Even though the Eiffel Tower is the ultimate Parisian symbol, the quintessential Parisian life occurs in 25 hectares of green oasis called Jardin du Luxembourg. There is so much to do in this charming, unique, and befuddling park. I chose this as the days destination based on it’s appeal to children. According to tourism literature, “kids will love this park.” We raced, literally running at times, to reach the famous afternoon puppet theatre: Théâtre de Marionettes. Along with the other kid-friendly park amusements we were disappointed because of the fares. Despite the disappointing charges, we found beauty, relaxation, and interest in the gardens, swarms of pigeons, cookie-cutter trees, ironed and pressed walkways, immaculate lawns for viewing, the palace, statues, and fountains that lie within this large public park.
Before stumbling upon a small Statue of Liberty that we learned is a cast for the real one, we meandered through a two century old, hand-tended orchard of 1000 espaliered trees and 200 species of apple and pear trees.
From the orchard we heard a hympnotic hum that led us right to one of Paris’ many bee apiaries! I wish I had a picture to show you. These bees were working in high style urban hives. Down from the bee village is a school for bee keeping. I think it is so cool that you can get a diploma in bee keeping! Wait. I think I am in progress for a B Keeping Diploma myself And, this diploma is quite a buzz, too.
I really loved this garden. The only disappointment was the realization that you have to pay for everything in the park including but not limited to toiletries, the puppet shows, the play ground, the sail boats, the swings, and the pony rides. It seemed ridiculous to pay for the playground and then pay for five minutes on the swing. Yes, it is 1.40 Euro for five minutes! More, there were souvenir, toy, balloon, candy, and food stands. We felt nickled and dimed in the children’s area as if we were in a theme park vs. a public park. I am sure our frustration is because we are Americans. We didn’t see a frown on a face. Everyone was jovial, content and more than happy to pay for the carousel, the pony rides, boats and the slide.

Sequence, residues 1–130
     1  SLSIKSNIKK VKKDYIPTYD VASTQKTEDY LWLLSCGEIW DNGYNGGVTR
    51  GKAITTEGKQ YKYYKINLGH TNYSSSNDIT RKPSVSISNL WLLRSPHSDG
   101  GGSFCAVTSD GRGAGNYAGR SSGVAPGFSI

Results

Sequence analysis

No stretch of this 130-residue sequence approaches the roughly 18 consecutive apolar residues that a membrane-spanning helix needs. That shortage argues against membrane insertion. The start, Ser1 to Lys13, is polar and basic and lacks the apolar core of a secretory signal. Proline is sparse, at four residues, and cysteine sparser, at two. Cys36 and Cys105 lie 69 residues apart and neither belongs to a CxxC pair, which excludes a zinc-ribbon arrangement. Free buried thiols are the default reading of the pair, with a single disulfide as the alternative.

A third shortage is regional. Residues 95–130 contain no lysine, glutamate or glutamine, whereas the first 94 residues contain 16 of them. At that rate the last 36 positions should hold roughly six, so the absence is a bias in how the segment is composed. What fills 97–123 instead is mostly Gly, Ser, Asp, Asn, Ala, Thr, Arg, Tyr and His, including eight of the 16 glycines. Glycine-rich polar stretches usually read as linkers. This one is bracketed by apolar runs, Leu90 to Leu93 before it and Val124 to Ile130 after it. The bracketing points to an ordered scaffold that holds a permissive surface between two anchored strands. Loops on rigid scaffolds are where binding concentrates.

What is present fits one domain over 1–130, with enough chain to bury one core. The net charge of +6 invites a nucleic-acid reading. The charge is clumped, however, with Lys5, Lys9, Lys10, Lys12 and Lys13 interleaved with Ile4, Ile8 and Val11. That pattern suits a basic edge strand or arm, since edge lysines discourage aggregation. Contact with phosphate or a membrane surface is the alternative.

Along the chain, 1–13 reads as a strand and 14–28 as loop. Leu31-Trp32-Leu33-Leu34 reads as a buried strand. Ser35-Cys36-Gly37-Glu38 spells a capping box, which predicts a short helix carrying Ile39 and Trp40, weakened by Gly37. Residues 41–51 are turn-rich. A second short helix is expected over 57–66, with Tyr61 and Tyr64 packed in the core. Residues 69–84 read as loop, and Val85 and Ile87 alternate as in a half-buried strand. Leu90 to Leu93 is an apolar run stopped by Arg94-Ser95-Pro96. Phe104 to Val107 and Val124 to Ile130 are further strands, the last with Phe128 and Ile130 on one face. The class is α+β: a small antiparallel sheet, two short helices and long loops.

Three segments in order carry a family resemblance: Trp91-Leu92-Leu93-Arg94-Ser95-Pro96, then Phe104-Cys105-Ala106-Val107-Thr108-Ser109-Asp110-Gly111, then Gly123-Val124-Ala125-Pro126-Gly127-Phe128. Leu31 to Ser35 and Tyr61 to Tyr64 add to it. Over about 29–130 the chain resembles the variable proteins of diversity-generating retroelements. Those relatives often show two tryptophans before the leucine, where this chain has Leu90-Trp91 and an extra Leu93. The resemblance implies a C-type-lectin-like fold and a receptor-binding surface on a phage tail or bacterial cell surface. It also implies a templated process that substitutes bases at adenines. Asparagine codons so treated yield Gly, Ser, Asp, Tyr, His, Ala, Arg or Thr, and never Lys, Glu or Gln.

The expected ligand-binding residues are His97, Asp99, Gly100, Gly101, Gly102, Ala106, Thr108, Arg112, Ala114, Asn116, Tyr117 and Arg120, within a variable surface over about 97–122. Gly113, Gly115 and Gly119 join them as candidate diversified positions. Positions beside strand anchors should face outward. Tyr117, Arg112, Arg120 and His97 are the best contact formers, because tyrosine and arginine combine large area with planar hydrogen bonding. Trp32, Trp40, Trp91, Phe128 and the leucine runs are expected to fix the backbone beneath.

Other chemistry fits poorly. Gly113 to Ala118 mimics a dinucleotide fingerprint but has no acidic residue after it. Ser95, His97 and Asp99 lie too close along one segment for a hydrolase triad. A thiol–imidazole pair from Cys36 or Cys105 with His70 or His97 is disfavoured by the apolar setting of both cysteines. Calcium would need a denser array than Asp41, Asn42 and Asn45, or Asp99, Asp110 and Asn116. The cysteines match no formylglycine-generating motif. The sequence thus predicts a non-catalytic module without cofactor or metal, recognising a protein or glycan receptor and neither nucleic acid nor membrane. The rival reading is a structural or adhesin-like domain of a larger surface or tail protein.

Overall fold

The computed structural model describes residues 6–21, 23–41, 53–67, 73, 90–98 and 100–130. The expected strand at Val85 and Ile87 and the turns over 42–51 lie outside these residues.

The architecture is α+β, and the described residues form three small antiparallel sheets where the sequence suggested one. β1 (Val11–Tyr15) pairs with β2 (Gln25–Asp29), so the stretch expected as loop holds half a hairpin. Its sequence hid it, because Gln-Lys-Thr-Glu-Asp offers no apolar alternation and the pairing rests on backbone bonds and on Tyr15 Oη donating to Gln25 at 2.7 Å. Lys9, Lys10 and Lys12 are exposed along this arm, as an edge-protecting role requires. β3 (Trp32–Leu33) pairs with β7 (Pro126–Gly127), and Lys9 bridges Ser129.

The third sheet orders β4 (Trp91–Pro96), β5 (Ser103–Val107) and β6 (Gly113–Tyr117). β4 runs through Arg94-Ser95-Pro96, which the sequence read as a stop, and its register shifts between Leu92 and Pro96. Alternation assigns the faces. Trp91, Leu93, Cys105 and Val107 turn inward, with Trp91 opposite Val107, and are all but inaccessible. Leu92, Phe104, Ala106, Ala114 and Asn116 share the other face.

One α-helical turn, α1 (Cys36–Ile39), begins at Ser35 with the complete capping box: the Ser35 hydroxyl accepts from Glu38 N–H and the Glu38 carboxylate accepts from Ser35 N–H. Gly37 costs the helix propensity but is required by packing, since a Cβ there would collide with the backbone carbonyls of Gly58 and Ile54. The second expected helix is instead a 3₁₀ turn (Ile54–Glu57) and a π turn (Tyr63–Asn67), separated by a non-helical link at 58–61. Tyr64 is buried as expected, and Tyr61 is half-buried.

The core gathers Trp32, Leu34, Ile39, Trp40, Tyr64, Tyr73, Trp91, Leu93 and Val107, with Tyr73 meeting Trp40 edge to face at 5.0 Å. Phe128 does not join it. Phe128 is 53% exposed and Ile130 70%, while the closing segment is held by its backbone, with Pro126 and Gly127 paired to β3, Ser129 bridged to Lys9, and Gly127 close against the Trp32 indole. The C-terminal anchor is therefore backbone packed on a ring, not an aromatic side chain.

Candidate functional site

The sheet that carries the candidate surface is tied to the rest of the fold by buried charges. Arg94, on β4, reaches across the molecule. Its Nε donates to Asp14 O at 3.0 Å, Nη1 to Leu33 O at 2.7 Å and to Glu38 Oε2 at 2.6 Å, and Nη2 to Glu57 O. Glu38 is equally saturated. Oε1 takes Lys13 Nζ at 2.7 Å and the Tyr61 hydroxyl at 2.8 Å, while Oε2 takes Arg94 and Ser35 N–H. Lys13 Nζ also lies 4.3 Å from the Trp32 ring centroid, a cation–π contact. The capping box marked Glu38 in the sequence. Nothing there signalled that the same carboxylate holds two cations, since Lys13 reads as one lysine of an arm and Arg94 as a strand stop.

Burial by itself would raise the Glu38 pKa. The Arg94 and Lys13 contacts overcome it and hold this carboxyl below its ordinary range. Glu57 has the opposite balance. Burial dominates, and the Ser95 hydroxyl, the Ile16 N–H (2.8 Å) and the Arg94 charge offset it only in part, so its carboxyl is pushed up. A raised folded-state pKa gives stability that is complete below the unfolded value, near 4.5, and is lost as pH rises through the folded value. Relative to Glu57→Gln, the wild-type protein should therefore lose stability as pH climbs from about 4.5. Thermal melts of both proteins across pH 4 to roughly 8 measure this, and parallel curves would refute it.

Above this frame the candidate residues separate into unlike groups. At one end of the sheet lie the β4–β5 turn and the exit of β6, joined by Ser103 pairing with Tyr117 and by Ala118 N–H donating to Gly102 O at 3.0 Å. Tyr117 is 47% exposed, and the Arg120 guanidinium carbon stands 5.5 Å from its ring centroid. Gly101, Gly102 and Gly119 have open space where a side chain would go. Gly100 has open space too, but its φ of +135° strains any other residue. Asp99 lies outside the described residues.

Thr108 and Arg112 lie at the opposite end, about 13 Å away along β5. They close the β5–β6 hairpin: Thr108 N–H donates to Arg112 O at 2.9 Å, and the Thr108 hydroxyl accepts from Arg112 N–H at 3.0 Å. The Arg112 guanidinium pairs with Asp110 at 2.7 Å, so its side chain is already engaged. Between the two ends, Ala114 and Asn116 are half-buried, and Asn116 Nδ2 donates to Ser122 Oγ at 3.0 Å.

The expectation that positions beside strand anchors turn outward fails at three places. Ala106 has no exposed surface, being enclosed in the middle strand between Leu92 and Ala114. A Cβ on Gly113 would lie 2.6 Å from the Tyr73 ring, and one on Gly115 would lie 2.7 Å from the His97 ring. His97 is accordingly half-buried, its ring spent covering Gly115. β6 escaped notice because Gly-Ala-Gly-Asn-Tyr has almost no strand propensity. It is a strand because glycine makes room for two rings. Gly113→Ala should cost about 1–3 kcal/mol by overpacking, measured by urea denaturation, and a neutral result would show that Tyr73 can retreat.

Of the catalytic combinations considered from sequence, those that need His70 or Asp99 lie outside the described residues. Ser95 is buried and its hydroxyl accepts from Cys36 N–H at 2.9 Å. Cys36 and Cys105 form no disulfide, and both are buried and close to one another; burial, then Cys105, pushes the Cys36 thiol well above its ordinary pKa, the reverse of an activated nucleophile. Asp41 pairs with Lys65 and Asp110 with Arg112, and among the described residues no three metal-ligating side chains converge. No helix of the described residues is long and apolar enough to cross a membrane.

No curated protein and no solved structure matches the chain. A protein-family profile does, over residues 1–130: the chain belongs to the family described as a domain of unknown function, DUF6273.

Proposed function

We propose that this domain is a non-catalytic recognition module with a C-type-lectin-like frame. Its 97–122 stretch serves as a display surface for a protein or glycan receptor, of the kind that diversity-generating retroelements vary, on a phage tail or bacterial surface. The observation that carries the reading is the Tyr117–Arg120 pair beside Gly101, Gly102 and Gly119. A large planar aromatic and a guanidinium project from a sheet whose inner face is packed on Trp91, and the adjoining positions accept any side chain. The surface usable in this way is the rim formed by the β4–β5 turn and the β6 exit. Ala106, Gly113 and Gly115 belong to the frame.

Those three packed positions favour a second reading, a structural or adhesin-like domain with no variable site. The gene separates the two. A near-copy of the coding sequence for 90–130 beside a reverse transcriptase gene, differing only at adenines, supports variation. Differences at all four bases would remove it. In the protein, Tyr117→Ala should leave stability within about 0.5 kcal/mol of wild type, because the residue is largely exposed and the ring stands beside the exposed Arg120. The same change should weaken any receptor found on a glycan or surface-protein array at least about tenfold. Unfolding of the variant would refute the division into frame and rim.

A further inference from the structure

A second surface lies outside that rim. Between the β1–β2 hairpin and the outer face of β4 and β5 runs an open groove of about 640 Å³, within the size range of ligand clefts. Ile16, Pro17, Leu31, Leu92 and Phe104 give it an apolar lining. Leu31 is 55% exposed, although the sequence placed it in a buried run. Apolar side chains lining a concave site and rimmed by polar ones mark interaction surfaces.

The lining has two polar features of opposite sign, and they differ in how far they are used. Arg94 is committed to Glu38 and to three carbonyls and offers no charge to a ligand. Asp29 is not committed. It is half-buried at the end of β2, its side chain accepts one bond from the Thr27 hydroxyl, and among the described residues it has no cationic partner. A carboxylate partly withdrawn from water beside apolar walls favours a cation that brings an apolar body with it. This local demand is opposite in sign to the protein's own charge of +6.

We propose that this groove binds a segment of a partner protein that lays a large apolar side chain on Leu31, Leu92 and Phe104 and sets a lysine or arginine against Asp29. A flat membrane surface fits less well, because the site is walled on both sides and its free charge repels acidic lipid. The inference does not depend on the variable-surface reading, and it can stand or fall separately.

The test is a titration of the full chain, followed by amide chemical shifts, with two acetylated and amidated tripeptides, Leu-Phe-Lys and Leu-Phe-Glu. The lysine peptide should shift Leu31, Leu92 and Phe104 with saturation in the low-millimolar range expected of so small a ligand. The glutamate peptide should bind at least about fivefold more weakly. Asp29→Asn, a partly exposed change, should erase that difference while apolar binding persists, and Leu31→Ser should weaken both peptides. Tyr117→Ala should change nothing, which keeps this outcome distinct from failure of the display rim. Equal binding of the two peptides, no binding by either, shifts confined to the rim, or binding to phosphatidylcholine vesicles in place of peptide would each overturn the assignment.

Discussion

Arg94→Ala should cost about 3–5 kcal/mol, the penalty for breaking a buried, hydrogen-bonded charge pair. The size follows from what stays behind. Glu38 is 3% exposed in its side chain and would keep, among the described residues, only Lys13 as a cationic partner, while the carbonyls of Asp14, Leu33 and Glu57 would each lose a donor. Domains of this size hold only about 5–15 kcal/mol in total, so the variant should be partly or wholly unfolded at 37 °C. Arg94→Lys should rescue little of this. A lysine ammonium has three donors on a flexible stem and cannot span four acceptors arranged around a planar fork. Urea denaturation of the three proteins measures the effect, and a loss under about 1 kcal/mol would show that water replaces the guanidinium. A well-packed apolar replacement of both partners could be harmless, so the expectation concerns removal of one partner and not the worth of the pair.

I would have been more pleased if we payed a nominal fee to enter the park with the activities and amenities included.
We decide the marionette show was worth 4.40 Euro a piece including Beatrice. Even though I admit (hindsight is 20/20) it was a total waste for a 17 month old, it is so French, so Truffaut, like the scene from 400 coups. Every kid in Paris has to see a puppet show! Brian and I couldn’t resist this. We waited in line to buy tickets and enter the perfectly tiny theatre. It was small enough that everyone can see the stage, but big enough for kids to feel like they are in a real theatre. The adorable tiny benches sat watching the thick red velvet curtain while the first four rows were reserved for “kids only.”
The curtains went up and I was so thrilled. I can’t explain exactly why. The colors of the set were rich and the marionettes came to life on the stage. The voices were easy to hear and understand (if you understand French a bit). They maneuvered around on stage gracefully in their festive costumes. They didn’t appear to be marionettes at all. No strings could be seen as they were realistic.
I totally loved every minute that Beatrice allowed us to watch this itty bit of french kid culture. I think, we stayed in the show for about 15 minutes (if that long). Oh, unlucky parents! She was anxious to get out to the balloon stand full of Dora the Explorer inflatables for purchase.
I would have loved it even more if we were prepared for the charges. Otherwise, the kid activities WERE precious and perfectly Paris.
Brian and I were thankful that Beatrice is content to watch the boats rather than rent one. Today at least, we were thankful of her innocence and toddler-hood. Trust me, if she could have uttered a request we would not have been able to resist the old fashioned merry-go-round, the monkey bars, or the boat races. Beatrice we are glad you are one today!